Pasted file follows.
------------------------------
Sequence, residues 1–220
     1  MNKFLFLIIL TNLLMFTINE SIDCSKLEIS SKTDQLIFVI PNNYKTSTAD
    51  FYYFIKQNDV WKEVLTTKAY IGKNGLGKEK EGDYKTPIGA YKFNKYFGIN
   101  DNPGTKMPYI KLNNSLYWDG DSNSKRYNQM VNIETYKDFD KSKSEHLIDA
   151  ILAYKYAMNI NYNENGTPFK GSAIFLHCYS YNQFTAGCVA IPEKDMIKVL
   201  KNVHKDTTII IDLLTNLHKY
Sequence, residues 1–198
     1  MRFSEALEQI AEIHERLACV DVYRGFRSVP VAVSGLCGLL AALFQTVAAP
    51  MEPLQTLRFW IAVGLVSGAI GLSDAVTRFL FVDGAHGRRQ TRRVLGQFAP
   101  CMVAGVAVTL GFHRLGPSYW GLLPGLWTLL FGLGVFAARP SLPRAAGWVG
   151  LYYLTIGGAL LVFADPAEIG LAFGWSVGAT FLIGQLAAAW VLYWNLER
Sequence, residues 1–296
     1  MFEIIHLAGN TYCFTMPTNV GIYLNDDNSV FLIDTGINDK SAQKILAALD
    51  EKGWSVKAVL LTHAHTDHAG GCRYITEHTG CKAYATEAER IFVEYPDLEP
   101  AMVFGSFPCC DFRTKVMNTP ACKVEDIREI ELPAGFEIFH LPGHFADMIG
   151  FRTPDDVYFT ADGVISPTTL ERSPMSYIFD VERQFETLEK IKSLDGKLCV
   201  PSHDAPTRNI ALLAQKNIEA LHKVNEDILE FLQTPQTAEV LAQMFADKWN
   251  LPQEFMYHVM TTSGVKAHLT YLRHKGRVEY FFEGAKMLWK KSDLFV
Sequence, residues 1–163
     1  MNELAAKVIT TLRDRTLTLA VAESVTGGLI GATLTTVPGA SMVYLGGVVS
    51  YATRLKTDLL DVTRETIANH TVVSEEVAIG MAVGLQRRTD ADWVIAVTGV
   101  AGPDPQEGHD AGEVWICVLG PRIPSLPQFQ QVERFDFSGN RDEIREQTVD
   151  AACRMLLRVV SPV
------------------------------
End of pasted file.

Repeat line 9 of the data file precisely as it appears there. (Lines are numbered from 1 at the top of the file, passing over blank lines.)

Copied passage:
    51  MEPLQTLRFW IAVGLVSGAI GLSDAVTRFL FVDGAHGRRQ TRRVLGQFAP